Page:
Planning a field trip can be a frightening event for the ill-prepared. Field trips can be a great time for both you and your students where classroom lessons are brought to life! Allowing your students to learn in a hands-on environment is a dream, right? It should be, but that dream field trip can quickly become a nightmare if not properly prepared. The most important thing is knowing where to start… 

With this step-by-step guide, we hope to make your field trip planning a breeze. We’ll cover the A to Zs of questions to ask while planning, from choosing the field trip location using Tripology to engaging students through classroom reinforcing experiences!

1. Where do we attend our field trip?

The most important question! Without the where there’s no need to go any further. Pick a date and then think of locations that would bring out the best in your students while also strengthening lessons taught. Are you teaching art? Try heading down to the nearest art museum with rotating exhibits for a fresh experience. How about something with science? There is a great children’s museum located right around the corner with an emphasis on blended learning.

If you’re in need of a little inspiration, we’ve got you covered!

2. Does your field trip have approval?

Talk with your administrator or principal. Do this as soon as you know where. You don’t want to be springing an idea too late in the process!

Explain the details, fill out the necessary paperwork, and talk cost. The earlier you request, the smoother the process, the happier the principal! 

3. How will the day be scheduled?

Once you’ve figured out the basic plan for field trips, you’ll need to decide the schedule. The most important component to consider is timing. When do children need to arrive at school? When will you be departing? Figuring out the specifics of the trip will allow you to plan meals, activities, and any additional recreation time. Planning extra activities is a great way to keep your children engaged.

Do your diligence in creating a detailed itinerary with times and descriptions… but be flexible! Understand that plans change and details might need adjusting depending on any unplanned surprises.

4. How will we get there?

Make the mode of transportation work for you. If in need of a school bus, make sure you allow plenty of time for arrangement. This permits the proper scheduling of buses and bus drivers who might otherwise have been booked. Sometimes private transportation works just fine as well, so organizing volunteer drivers is key to a successful field trip transportation plan. Most importantly…  don’t forget the return trip!

5. What will we eat?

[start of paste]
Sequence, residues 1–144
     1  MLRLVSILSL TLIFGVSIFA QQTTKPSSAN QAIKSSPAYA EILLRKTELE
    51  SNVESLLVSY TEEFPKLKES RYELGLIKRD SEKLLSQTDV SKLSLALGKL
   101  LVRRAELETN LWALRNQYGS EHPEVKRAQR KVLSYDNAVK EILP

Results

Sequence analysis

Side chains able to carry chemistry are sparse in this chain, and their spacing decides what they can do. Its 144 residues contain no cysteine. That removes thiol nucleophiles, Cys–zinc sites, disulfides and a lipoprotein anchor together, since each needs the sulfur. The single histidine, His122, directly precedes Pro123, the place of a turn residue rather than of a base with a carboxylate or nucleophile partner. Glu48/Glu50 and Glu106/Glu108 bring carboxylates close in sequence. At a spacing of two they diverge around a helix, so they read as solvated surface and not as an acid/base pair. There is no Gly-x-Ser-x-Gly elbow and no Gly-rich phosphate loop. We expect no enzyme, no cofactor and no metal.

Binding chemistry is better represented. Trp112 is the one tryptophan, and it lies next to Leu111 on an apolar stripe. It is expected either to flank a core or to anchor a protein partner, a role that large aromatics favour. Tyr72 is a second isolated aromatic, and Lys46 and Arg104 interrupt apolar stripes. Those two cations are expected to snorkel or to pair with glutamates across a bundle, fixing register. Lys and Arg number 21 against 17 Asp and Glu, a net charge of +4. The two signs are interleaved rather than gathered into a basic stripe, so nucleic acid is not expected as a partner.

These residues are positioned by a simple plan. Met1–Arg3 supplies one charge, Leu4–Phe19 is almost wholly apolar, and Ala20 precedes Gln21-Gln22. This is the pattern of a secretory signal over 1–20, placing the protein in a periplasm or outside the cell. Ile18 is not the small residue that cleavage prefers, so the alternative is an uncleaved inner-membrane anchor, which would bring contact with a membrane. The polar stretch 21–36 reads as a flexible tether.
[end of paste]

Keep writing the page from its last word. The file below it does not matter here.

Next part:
Food planning choices can make or break a field trip. A misplanned meal could leave you with a bus full of grouchy students and turn the journey sour in a hurry.

Scope out local choices. Does the destination have an onsite cafeteria? Make sure that you include any extra costs that the student’s parents or guardians might need to take into consideration ahead of time. 

Preparing meals and having an outdoor lunch on the field trip is a great way to unwind on the way back to school!

6. Which students can attend the field trip?

Incentivize, incentivize, incentivize. Make your students want to attend! Use this to your advantage and as an opportunity to captivate your students. We all remember field trip days growing up, so convey that same sense of reward for them!

Create permission slips for parents to sign that clearly detail the field trip. Be as specific as possible and make sure to reinforce getting them signed and returned as early as possible. The standard details to include are:

  1. The purpose of the trip
  2. An itinerary (including pickup/departure times)
  3. Contact information for both you and the school
  4. Any information regarding necessary extra funds for food, entry fees, etc.
  5. Transportation plans
  6. A date for the signed permission slip to be returned

7. Do we need chaperones?

This will be predicated on headcount and age. As a rule of thumb, you’ll want to have at least one adult for every 10 children. If you’re working with an older group of students, that number can be more.

The easiest way to gather chaperones is to ask parents! Engaged parents love to participate in their child’s learning, so if in need of a few extra eyes, extend an invitation. Once you have a clear idea of how many students and chaperones, it will be important to group these students for a more organized field trip.

8. What will we be learning?

It’s a great idea to have the lessons that you’ve been teaching relate to your field trip. Pick a topic that you’ll be covering leading up to the trip and you’ll never see your students so engaged! Using our field trip location search will allow you to pick a perfect field trip to tie in, with many different categories to look into!